Cargill Animal Nutrition was established in 1893. In October 2015, Cargill acquired EWOS, one of the world"s largest suppliers of feed and nutrition. This gave Cargill access to the expertise and knowledge base in salmon feed that EWOS was renowned for, and gave EWOS access to a global footprint, wider nutrition expertise, new ingredients, global supply chains, and greater market insight.

EWOS is the primary go-to-market brand for Cargill"s aquafeed for fish and shrimp; however, some feed is also distributed under the Purina and Provimi brands in certain markets.

Sustainability is a word on the lips of many major companies these days, although some are only paying lip service to the idea. Contrast that with agri-giant Cargill, which in April 2018, issued a report detailing the company"s bold and ambitious commitment to sustainability across its entire supply chain.

The report came about as the result of a sustainability summit attended by 40 representatives of Cargill and their customers, as well as representatives of other important stakeholders in the food and feed supply chain.

International Aquafeed Magazine sat down with a representative from Cargill to find out more about this forward-thinking initiative:

So which came first? Did consumer demand drive Cargill"s decision to focus on sustainability? Or did Cargill"s commitment to sustainability drive consumer demand for its products?

It"s hard to say which came first, but Cargill recognised that smart companies invest in ensuring the sustainability of their operations to remain relevant to an increasingly informed consumer base. We believe in supply chain transparency as a means to build trust amongst all stakeholders that are involved in or benefit from global food systems.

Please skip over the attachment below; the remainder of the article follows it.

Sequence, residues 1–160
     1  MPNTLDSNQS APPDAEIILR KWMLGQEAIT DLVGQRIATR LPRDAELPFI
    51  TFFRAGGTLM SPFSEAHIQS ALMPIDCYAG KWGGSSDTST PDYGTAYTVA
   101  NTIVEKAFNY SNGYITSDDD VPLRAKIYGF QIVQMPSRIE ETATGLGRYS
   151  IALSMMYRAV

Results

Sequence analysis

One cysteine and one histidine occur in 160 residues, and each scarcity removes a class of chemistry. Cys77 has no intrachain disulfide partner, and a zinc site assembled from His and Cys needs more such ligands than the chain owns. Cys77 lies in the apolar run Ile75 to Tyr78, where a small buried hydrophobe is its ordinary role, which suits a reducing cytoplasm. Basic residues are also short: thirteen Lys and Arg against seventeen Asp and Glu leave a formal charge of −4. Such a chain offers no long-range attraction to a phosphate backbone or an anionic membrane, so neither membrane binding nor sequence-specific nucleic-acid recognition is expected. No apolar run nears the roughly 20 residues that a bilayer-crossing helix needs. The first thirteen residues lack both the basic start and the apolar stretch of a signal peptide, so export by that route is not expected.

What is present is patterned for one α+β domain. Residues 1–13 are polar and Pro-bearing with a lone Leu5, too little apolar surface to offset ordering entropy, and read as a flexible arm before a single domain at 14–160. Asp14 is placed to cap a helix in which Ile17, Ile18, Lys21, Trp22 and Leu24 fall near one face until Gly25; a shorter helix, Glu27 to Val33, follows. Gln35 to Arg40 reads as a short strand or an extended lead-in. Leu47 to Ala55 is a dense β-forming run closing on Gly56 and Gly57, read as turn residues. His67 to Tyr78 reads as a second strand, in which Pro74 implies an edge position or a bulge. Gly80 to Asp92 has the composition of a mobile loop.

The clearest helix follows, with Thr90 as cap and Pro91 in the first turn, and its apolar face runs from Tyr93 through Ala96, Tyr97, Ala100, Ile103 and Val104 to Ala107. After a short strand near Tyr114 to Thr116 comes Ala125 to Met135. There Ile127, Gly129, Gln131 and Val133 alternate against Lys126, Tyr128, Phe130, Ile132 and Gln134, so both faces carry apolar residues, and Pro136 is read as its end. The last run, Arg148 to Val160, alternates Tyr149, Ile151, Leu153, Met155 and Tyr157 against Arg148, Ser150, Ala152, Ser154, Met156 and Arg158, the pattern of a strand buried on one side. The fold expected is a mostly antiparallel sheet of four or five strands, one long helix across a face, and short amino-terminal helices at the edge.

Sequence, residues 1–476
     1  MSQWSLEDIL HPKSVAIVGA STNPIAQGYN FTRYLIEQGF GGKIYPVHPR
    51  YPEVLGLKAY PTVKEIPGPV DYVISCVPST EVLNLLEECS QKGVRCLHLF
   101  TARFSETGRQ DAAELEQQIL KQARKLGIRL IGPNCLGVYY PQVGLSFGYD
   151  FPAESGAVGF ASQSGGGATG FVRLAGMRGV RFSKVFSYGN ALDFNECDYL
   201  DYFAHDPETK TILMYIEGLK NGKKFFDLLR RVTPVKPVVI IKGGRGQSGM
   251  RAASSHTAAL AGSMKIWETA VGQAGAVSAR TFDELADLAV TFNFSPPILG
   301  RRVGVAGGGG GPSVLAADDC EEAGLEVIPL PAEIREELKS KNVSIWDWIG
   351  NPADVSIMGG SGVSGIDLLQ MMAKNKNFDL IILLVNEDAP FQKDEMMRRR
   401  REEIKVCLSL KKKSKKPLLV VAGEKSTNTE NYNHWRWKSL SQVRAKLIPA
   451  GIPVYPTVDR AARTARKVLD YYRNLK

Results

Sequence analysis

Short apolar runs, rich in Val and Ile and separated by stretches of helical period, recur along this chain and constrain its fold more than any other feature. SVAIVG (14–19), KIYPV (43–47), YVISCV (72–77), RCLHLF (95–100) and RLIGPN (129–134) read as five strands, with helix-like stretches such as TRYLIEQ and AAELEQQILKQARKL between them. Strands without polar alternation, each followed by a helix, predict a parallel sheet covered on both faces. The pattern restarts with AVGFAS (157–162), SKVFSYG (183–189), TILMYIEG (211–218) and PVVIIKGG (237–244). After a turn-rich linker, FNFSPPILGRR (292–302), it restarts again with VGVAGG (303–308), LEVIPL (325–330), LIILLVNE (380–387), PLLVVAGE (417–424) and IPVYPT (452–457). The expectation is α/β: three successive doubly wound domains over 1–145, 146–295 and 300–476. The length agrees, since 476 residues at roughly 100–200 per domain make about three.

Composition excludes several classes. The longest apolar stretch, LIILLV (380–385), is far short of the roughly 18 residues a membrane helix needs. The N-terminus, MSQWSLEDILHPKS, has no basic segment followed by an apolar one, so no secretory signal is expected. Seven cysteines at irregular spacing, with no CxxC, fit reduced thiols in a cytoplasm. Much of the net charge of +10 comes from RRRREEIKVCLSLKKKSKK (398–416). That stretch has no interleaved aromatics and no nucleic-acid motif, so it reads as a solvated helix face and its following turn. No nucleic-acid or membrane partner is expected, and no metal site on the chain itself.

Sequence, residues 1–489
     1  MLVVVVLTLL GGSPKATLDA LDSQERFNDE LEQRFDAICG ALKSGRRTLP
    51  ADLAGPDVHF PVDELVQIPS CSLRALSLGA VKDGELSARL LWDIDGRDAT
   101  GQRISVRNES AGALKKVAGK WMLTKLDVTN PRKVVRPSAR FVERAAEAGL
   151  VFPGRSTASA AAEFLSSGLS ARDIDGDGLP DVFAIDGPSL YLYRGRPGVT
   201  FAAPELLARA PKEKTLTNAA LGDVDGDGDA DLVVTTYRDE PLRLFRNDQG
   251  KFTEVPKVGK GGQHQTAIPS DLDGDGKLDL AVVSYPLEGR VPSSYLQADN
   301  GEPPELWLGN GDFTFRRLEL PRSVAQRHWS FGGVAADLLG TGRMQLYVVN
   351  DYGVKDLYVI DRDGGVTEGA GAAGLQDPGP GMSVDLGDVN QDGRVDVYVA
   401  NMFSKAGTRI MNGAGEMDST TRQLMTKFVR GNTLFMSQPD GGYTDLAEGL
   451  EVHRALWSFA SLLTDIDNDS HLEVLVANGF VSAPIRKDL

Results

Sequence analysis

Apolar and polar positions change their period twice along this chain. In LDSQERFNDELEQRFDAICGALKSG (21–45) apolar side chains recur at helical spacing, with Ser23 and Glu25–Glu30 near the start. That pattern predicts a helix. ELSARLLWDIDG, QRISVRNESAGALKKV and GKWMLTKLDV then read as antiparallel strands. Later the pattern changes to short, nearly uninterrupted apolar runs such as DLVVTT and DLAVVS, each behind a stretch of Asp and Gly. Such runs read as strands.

One of the good side-effects of this is that sustainability is a key driver of innovation and we see many opportunities to continue to innovate in different and interesting ways. For example to remain compliant in a world where the regulatory landscape can change fast. To look beyond the direct impact of your own operations and become more involved in the upstream and downstream supply chains. And through designing and developing products and services that appeal to consumer preference for eco-friendly offerings.

Feeds based on the "1990"s diet formulations could not be made in such high tonnages and at such prices – there simply is not enough fishmeal and oil to satisfy the needs of today. Back then, it was not unusual to find salmon feed that comprised two-thirds of marine ingredients from fishmeal and fish oil, but these days the formula contains two-thirds of plant proteins (mainly soya) & plant oils (such as rapeseed or soya oils) in addition to micronutrients. A significant proportion of these plant materials are by-products themselves, upgrading waste streams into valuable nutrients.

In some markets, animal by-products such as poultry meal might be included in the formulation. And we are increasingly seeing novel raw materials like algae, insects or single-cell proteins being considered as alternatives.